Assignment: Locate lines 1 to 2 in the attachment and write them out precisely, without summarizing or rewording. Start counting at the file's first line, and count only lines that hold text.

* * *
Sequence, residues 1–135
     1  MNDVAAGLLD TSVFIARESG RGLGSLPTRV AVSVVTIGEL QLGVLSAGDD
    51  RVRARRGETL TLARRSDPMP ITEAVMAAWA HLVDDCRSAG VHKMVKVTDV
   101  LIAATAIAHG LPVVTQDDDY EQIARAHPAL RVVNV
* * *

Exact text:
Sequence, residues 1–135
     1  MNDVAAGLLD TSVFIARESG RGLGSLPTRV AVSVVTIGEL QLGVLSAGDD